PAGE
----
Home Field and Swamp: Animals and Their Habitats


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October 2011

You could say that October comes in like a lamb and goes out like a lion.  It's the month with the greatest temperature change, and this was particularly striking this year, since we ended up the month with temperatures historically normal for January.  Yet the leaves didn't begin changing here in the Piedmont until about October 11, and a full complement of arthropods was present in the area at the beginning of the month.  Of the typical summer arthropods in my urban neighborhood, the holdouts were tiny members of the Phidippus clarus jumping spider species, although other jumping spiders (Hentzia mitrata) lasted until the latest cold spell.  

Over on the Jordan Lake mudflats, the insect holdouts were Hydrophorus-genus long-legged flies which skated along a small stream connecting the lake with an inland pond with abundant water primroses.  Meanwhile, the Valley Redstem wildflowers, originally green with pink flowers, produced berries, turned red and collapsed while the prevalent False Nutsedge turned brown and remained standing.

Mason Farm Biological Reserve, Orange County, NC  10/31/11

This was a chilly morning, about 45° F. 

Brown Thrasher.  See other land birds. Bumblebee, not moving, on Bidens aristosa Red Maple Spider Flower (Cleome hassleriana).  Genus ID thanks to Laura Thomas.  

Third Fork Creek Trail, Durham, NC  10/29/11

Highs were in the 50s as a severe cold front entered the area.  No butterflies appeared.

Billbug (actually by the road).  See other beetles. Jumping spider (Phidippus clarus), 2 or 3 mm long Spirobolid millipede Fall colors  

Flat River Impoundment, Mangum, Durham County, NC  10/27/11

Highs were in the high 70s, and it was unpleasantly hot.

Variegated Fritillary Seven-spotted Ladybug Beetle Common Buckeye, with reddish hindwing Checkered skipper  

Heal-All (Prunella vulgaris) Flower fly Cabbage White on aster Large fungus Swamp Milkweed pods with seeds

Durham, NC 10/27/11

Small arthropods were regularly visible on the yellow bollards: these three species were the most common.  Small field crickets made brief appearances on the trails.  The large snail was a surprise.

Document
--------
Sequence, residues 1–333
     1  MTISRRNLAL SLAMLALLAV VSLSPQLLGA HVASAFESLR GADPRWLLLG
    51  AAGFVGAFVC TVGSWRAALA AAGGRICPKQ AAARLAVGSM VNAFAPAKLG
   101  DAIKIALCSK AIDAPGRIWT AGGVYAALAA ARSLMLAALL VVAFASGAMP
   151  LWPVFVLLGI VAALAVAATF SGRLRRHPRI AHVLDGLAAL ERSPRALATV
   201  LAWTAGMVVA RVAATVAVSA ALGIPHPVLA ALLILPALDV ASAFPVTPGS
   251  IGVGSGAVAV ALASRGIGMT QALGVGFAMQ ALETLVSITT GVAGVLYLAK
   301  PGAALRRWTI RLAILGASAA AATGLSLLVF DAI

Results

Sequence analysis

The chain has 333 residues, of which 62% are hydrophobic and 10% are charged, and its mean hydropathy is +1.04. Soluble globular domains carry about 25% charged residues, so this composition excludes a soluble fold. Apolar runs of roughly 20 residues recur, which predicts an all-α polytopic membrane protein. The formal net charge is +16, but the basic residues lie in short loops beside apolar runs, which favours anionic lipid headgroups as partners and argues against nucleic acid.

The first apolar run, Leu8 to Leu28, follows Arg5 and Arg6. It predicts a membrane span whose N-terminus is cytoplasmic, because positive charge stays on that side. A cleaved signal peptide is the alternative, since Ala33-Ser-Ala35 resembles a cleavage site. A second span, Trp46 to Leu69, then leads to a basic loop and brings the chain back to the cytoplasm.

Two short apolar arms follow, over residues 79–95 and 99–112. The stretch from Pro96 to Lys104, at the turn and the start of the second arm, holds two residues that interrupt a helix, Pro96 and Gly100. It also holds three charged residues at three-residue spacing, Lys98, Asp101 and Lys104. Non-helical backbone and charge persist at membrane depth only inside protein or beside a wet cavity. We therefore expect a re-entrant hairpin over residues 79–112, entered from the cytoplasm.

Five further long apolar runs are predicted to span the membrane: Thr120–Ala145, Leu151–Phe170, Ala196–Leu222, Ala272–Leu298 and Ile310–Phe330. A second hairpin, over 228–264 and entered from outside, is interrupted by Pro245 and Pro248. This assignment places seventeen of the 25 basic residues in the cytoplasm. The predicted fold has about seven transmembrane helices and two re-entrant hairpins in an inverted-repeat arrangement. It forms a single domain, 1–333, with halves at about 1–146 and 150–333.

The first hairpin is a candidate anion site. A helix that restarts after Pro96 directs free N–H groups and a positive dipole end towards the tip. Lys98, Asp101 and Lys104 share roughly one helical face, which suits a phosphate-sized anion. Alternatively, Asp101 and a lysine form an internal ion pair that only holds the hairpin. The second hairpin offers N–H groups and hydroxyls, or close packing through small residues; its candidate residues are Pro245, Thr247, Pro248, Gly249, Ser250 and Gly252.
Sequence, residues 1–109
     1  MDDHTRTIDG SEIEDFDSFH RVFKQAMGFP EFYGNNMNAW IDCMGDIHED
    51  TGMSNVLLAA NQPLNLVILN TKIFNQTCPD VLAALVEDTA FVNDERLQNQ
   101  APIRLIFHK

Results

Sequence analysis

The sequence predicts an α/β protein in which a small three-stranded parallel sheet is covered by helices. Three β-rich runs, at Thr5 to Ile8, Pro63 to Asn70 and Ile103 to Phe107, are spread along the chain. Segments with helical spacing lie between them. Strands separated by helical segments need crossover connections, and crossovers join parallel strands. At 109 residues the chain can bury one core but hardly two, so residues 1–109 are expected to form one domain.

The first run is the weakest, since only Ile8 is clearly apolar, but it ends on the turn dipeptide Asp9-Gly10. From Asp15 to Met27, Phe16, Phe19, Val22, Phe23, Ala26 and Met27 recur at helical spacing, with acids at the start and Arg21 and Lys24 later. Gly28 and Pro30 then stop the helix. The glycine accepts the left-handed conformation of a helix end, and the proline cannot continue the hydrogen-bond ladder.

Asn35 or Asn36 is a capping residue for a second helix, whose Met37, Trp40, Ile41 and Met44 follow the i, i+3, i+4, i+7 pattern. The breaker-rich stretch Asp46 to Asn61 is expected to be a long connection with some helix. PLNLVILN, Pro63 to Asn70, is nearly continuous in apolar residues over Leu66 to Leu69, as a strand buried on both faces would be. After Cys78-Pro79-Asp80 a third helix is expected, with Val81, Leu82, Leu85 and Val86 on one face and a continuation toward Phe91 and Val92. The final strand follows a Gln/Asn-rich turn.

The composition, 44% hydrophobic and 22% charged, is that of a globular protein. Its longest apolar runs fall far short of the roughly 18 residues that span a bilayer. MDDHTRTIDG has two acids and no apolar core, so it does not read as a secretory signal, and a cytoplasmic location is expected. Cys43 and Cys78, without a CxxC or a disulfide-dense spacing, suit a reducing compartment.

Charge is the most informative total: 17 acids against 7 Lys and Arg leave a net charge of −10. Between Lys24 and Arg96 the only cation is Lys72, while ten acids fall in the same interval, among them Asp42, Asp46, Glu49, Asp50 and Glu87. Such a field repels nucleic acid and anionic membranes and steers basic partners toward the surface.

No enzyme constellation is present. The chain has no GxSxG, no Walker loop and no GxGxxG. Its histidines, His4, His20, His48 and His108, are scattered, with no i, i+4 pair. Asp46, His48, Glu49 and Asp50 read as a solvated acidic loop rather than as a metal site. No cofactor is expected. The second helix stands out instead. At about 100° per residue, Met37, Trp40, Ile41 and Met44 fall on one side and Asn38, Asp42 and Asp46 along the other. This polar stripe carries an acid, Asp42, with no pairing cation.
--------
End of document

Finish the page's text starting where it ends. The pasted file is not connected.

Jumping spider (Hentzia mitrata) Tiny jumping spider (a young Phidippus clarus), 1-2 mm long, tried unsuccessfully to catch the fly in the right (which was much bigger) Chloropid fly Snail (2 inches long)  

Jordan Lake Gamelands (near NC-751 bridge), Chatham County, NC  10/26/11

This is my favorite natural area in driving distance of Durham because of the large mudflats that occur during the droughts.  You aren't confined to trails in the woods, unlike in nearly all public-access natural areas.  There are large stretches of ground crowded with a large variety of small plants without any nuisance value, although you can pick up "stickers" in the bushes closer to the woods.  False Nutsedge and Valley Redstem are the biggest of these, while most others lie close to the ground. 

The vegetation near the lake at the far end from the bridge.  The red stuff on the bottom is Valley Redstem. Toad Bug scooting across the water surface of a small stream Fiery Skipper (in the parking lot across the street) Pygmy grasshopper (Paratettix cucullatus).  Not all members of this species have this black coloration.  ID thanks to David J. Ferguson Algae on a recently flooded part of the lake, at the far end from the bridge

Duke Gardens, Durham, NC  10/25/11

This day I heard the Black-bellied Whistling Ducks actually "whistling."  It was a high, quavering sound.

Flower fly (Ocyptamus genus, maybe) Giant water lily (Victoria amazonica) Exotic duck Black-bellied Whistling Duck

Raulston Arboretum, Wake County, NC  10/24/11

Monarchs showed up by the dozens, but there were many other butterflies there, too.

American Beauty: "field guide" photo Fiery Skippers: invertebrate male bonding? Monarch (dorsal view), very worn Monarch (ventral view) American Beauty: "greeting card" photo

Cloudless Sulphur Water strider (Trepobates genus), 2-3 mm long.  Not sure what the two little white critters are, but one has legs. Water strider (Veliidae family?) on top, about 2 mm long.  Other critter a mystery. Red-banded Hairstreak Male Sachem on Lantana Female Fiery Skipper

Durham, NC  10/23/11

Eastern Gray Squirrel, with a nut        

Fort Macon State Park, Carteret County, NC  10/18/11

Gulf Fritillary Flower fly (Eristalis dimidiatus) Fiery Skipper  

Pine Knoll Shores, Carteret County, NC  10/18/11

Willet Another view of Willet Portuguese Man o' War (Physalia physalis), found washed up on the beach.  Air bladder was about an inch long. Another Portuguese Man o' War,

Dragonfly wing Clouds overhead in early afternoon (with a little image-processing): color was visible without camera      

Morehead City, Carteret County, NC  10/17/11

Killdeer in a mudflat on the waterfront Two Brown Pelicans: the one on the left had just put a fish in its beak pouch.      

North Carolina Aquarium and the Theodore Roosevelt Natural Area, Pine Knoll Shores, Carteret County, NC  10/17/11